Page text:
Bowing to concerns about international competitiveness, the Trudeau government is scaling back carbon pricing guidelines for some of the country’s heaviest energy users, and signalling that more easing could come before the plan takes effect in 2019.
Environment and Climate Change Canada has issued new guidelines that increase the emissions threshold at which polluters will have to pay a carbon tax.
The revisions come as big industries face competitive threats from south of the border in the form of corporate tax cuts and protectionist tariffs, and as Ottawa prepares to replace Ontario’s cap-and-trade system with its own carbon levy.
The environment department says climate pricing remains a key component of its greenhouse gas reduction strategy.
But after meeting with industry stakeholders, it determined that four industries in particular — cement, iron and steel, lime and nitrogen fertilizer producers — face a high competitive risk and will have their carbon price thresholds adjusted.
Draft regulations issued in January indicated a benchmark for when industries would start to pay the carbon tax at 70 per cent of average emissions.
However, the new rules set to take effect in the new year will increase the carbon tax threshold to 80 per cent of emissions intensity.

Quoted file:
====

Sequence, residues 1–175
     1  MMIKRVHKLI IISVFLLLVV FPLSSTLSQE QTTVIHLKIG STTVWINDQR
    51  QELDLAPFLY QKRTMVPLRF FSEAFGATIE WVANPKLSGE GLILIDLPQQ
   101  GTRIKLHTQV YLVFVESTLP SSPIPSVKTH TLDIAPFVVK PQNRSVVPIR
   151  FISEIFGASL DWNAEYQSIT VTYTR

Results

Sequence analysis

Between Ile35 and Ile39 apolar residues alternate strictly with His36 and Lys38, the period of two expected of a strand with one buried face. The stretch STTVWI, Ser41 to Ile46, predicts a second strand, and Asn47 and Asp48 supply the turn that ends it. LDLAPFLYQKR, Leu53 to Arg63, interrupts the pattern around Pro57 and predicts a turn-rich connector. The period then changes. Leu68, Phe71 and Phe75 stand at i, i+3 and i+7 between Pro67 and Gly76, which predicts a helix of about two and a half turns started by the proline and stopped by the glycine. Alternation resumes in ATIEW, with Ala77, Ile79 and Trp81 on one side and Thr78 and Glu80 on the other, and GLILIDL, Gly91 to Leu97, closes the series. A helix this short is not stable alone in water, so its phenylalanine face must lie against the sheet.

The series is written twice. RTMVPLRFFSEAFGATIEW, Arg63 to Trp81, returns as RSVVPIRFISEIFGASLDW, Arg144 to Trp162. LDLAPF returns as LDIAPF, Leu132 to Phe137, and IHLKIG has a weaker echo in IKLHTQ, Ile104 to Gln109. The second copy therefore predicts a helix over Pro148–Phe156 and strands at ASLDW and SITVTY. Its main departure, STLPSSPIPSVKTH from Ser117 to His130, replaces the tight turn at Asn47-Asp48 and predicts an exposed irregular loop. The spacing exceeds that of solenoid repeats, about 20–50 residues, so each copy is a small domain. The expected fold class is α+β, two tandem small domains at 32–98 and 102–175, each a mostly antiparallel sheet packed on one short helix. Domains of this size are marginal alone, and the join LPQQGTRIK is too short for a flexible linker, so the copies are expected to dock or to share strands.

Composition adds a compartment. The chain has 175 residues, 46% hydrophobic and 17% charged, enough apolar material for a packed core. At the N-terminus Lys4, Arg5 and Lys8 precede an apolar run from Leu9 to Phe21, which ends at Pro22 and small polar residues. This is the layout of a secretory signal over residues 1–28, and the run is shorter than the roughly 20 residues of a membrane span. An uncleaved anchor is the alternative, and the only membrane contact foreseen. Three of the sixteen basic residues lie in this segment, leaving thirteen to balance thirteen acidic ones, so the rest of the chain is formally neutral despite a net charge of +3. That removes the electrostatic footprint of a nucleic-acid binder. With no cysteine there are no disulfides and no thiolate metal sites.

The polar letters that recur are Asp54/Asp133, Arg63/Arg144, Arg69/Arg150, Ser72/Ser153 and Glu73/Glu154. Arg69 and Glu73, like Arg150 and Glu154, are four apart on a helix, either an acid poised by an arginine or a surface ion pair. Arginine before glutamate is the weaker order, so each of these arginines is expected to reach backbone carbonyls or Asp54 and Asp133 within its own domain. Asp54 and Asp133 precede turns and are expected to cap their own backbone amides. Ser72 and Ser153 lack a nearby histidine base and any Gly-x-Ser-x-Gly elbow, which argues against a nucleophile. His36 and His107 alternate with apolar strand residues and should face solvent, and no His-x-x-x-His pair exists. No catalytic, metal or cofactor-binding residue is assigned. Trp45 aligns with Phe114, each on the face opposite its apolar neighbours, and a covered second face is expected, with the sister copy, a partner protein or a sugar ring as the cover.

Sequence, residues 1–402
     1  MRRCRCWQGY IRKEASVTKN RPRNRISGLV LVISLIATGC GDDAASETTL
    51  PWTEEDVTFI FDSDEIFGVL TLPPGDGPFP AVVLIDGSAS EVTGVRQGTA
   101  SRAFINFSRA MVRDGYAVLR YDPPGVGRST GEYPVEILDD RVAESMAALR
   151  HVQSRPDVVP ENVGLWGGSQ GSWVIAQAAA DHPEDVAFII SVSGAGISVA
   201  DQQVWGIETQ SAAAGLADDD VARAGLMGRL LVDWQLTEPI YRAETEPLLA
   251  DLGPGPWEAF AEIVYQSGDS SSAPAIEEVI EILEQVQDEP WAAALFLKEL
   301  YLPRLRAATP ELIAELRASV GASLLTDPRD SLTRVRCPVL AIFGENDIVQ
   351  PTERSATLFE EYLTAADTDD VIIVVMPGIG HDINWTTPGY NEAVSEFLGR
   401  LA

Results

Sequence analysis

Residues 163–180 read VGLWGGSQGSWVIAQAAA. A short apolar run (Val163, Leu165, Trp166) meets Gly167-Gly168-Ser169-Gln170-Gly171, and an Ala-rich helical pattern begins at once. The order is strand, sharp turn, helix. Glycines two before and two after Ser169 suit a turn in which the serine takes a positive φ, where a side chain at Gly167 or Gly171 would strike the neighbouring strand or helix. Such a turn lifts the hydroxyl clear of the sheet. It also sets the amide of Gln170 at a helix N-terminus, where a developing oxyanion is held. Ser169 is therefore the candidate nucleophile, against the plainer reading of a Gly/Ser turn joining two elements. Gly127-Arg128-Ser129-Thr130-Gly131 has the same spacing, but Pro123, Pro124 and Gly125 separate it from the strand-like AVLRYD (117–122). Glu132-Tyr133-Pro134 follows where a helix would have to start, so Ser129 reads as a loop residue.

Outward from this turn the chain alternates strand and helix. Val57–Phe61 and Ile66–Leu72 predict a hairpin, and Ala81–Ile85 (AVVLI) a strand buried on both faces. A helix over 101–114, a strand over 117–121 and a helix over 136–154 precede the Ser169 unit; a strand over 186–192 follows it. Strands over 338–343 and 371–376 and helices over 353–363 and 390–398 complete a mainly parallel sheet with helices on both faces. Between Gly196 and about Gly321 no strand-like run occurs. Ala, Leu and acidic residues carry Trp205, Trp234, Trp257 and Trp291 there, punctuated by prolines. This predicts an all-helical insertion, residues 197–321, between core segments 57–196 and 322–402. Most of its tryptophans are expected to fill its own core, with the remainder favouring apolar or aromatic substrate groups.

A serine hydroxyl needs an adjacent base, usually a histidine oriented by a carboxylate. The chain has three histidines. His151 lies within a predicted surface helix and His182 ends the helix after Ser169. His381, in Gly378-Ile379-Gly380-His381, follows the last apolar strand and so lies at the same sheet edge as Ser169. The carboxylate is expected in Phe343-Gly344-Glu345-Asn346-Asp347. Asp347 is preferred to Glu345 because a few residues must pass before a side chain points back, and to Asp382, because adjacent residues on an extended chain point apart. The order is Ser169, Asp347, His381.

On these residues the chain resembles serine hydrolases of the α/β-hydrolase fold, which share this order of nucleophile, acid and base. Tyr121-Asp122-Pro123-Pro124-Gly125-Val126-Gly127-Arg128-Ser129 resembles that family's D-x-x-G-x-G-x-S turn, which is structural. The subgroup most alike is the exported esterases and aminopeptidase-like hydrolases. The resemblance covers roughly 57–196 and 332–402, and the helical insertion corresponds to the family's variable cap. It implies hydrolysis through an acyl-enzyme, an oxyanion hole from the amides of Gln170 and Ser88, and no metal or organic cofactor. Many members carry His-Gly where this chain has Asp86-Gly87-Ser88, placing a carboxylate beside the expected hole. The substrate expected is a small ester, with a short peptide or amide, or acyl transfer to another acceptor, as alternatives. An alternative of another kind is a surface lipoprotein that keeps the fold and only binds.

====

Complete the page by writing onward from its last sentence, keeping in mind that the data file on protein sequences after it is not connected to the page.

The four sectors assessed in the high competitive risk category will not have to pay the tax until they reach 90 per cent of emissions.
The government says other sectors may see adjustments to their greenhouse gas output measures, depending on further review of the impact of carbon pricing on their domestic and international competitiveness, with revised draft standards expected by fall.
It did not take long for Premier Scott Moe to react via his Twitter account
Here’s an analysis from Saskatchewan on the ‘new’ carbon tax:
Previous Made-in-Ottawa Carbon Tax:
– does nothing for the environment
– reduces jobs
– takes money from families
New, Watered-down Made-in-Ottawa Carbon Tax:
– See Above https://t.co/AitujpswKL
— Scott Moe (@PremierScottMoe) August 1, 2018
Premier Moe calls this an admission that the tax would have a negative impact on the economy.
“Industries have been talking to our federal government indicating the financial effect and the effect of their competitiveness that are being imposed by their own government from coast to coast.”